With documentaries like Fed Up and That Sugar Film gaining views by the thousands, sugar seems to be the newest craze. All too often we find ourselves falling into the diet trap of categorizing foods as either good or bad for us, especially when looking at sugar content, but there is much more to it than that. There are various forms of sugar we consume, including simple sugars or “monosaccharides” made up of glucose, fructose and galactose as well as granulated table sugars known as sucrose or “disaccharides”. Our bodies process these varying sugar forms differently. When we consume glucose it becomes broken down by our stomach causing insulin levels to spike in our bloodstream for proper metabolization. Fructose however is broken down by the liver, where it is digested much slower, thus preventing such an insulin response.
Although fruits have very similar sugar ratios to that of our favorite sweets and sodas, they have a much different effect on our overall health. Whole fresh and frozen fruits are high in many vitamins and minerals, including vitamin C, potassium, folate, antioxidants and phytonutrients. They also contain high levels of soluble fiber, which helps in reducing cholesterol levels, increasing satiety and contributes to weight loss. (¹) Also, the high fiber and water content of most fresh and frozen fruits drastically slows the digestion time, making it nearly impossible to consume enough fructose to cause any harm. Studies have also found that people who consume at least the recommended amount of 5 servings of fruits and vegetables daily are at lower risk of developing diseases like diabetes, coronary heart disease and strokes (²)(³) (4).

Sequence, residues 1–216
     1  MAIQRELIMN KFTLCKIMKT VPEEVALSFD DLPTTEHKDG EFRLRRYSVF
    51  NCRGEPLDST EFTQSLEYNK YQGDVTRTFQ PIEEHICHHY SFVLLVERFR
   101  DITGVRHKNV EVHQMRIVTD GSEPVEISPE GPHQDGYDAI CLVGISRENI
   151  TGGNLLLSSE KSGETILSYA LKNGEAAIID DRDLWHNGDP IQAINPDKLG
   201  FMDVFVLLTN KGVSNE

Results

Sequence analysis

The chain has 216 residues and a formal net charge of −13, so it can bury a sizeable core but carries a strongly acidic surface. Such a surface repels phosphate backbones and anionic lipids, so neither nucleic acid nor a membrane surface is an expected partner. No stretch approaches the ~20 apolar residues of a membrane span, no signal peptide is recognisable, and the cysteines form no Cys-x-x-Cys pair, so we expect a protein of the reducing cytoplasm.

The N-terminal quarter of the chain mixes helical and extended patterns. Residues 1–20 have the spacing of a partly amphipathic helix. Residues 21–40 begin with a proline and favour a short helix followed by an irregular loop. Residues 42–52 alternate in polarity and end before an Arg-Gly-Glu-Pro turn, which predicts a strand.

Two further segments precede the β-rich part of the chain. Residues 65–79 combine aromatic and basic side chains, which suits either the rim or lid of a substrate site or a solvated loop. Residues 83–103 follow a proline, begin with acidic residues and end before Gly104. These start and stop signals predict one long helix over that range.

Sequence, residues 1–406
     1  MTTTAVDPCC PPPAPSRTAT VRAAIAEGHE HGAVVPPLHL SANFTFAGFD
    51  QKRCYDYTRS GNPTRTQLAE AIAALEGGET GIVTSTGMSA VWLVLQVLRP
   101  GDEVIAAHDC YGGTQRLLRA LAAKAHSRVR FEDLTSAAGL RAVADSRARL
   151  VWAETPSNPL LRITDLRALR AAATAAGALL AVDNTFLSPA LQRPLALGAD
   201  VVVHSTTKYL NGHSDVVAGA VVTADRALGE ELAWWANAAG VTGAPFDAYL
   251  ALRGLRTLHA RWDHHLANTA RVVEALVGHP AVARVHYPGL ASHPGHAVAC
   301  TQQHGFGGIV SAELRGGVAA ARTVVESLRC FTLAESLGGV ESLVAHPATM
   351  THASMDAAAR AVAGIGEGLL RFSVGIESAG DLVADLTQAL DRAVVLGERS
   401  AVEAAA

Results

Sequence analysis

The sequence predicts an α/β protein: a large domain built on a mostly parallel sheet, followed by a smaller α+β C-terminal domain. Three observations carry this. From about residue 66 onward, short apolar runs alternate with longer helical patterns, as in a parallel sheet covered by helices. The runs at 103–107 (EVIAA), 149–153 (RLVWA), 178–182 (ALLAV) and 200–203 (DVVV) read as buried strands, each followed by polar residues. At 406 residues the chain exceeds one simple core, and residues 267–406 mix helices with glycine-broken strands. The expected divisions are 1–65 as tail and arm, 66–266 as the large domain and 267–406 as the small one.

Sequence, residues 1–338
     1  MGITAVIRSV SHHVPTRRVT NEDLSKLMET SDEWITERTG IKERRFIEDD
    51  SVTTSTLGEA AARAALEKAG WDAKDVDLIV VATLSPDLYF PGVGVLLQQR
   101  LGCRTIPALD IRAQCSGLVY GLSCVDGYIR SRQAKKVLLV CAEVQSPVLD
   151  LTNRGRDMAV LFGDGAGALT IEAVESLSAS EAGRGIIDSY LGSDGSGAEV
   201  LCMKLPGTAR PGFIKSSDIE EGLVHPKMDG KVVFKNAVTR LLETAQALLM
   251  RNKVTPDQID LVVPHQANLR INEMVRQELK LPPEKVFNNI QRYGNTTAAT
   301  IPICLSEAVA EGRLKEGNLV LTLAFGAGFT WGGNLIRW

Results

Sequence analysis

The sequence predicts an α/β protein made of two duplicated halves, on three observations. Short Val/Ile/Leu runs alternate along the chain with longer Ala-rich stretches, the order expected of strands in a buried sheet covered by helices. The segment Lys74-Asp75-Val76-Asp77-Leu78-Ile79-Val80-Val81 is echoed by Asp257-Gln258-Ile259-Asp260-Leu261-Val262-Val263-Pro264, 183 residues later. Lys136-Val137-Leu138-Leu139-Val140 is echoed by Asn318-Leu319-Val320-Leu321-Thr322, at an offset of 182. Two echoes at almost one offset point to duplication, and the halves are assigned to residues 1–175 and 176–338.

That being said as with most things in life, fruit should be consumed at a sensible level if you are watching your weight. When trying to cut back on your sugar intake it’s important to consider the source of the sugar. Is your sugar consumption of fruit natural or refined? i.e. are you eating real raw fruits or are they canned or dried ? Canned and dried fruits are preserved by adding syrups, chemicals, and sometimes even pure table sugar, making them comparable to wolfing down a bag of gummy worms. It is also important to consider if your fruit intake is adding empty calories to your diet. If you’re consuming your fruit through a smoothie make sure to avoid things like fruit juices, low-fat milk or yogurt, ice-cream/sherbet or store bought honey/agave nectar. These products are often high in refined sugars and add empty calories which can result in insulin spikes, taking away from the nutritional benefits of the raw and natural fruits.